In addition to the physical causes of depression, women who are oriented towards pessimism are much more likely to eventually succumb to depression. This pessimism likely causes other parts of the persons life to be less than successful as well. Optimistic thinking can go a long way toward keeping depression away, but it is hard to just start doing if a person has developed a pessimistic mindset. The good news is, learning to think positively can drastically reduce chances of recurring depression.
Treatment Options For Depression In Women
Treating depression is not as simple as taking an anti-depressant, there is much more to a successful depression treatment program than medication. An approach that addresses the mind, body, and spirit is much more likely to work initially and in the long run than simply handing out prescriptions and telling the patient to give it time.
Depression does not just effect a woman’s mood, and there is not one simple cause, so addressing the situation on every level is the key to a successful recovery. An individualized approach without a heavy reliance on medication is key for true recovery. Women need certain issues addressed when treating depression that men do not need. For example if the cause of the depression lies in the menstruation cycle, menopause, or giving birth, then the treatment may be addressing the hormonal fluctuations during these times.
Medication to increase serotonin is an obvious go to for depression treatment. This is effective, but it should be noted that women often experience side effects of anti-depressant medications more than men, and women of childbearing age should take precautions not to become pregnant while on the medicine.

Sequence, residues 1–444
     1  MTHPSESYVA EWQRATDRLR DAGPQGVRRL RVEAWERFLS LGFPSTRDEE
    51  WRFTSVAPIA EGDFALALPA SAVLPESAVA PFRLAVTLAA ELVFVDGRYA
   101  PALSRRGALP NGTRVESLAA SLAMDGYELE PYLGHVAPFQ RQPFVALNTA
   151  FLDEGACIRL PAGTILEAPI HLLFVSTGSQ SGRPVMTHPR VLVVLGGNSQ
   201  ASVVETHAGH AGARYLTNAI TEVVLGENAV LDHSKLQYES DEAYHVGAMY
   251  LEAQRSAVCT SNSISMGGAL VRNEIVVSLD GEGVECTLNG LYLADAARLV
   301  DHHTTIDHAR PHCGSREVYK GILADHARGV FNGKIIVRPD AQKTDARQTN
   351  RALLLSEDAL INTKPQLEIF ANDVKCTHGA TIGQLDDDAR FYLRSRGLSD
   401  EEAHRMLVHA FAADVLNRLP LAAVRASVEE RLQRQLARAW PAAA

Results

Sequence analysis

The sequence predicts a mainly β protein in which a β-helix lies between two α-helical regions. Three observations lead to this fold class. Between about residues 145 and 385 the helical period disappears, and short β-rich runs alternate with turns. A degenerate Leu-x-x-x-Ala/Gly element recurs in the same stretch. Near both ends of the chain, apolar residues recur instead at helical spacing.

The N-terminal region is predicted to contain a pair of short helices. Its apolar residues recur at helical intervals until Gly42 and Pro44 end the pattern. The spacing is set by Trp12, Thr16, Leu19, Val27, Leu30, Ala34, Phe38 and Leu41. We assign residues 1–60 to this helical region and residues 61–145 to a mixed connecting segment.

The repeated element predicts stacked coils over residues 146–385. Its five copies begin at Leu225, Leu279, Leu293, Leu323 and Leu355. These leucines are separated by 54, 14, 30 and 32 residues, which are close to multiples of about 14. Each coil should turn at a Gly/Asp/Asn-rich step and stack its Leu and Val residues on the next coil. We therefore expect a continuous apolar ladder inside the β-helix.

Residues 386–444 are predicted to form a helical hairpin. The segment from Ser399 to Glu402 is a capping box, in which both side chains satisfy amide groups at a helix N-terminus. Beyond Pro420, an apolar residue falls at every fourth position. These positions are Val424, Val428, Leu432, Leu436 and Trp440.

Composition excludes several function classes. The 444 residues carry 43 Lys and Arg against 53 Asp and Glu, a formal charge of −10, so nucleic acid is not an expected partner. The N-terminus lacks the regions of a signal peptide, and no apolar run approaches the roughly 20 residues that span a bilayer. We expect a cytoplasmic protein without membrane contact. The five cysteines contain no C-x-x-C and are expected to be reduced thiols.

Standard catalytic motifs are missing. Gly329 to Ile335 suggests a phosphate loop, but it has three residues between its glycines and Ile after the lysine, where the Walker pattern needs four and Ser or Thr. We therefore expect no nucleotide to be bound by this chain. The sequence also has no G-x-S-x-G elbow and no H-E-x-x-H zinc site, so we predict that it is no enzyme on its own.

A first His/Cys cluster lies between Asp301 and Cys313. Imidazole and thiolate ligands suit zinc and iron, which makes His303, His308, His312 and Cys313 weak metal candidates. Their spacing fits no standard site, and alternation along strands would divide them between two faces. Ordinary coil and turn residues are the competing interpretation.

Psychotherapy to dig to the cause of the pessimistic thinking in the first place is common and very effective. Counseling and group therapy with other women who have experienced the same thing, and on going communication are all effective depression treatments for women. Sometimes knowing they are not alone can help put things into perspective and improve self esteem.
Tips For Recovery For Women With Depression
- Get help that addresses all of the aspects of depression
- Let go of the past, daily dwelling on past hurt and failure makes recovery more difficult. Seek help to finally let go of past pain that can drag a person down.
- A new study indicates bibliotherapy as a real help for depression.
- In addition to the prescribed medications talk to your doctor about a vitamin regime for depression. Continue to take supplements even if you are no longer depressed so there is not a future shortage.
- Exercise daily, it does not have to be an elaborate workout just get your blood flowing with a half hour walk if you are not ready for anything else.
- Be hopeful. A positive outlook will help recovery, learn the power of positive thinking.
- Follow the doctor’s orders, even after improvement.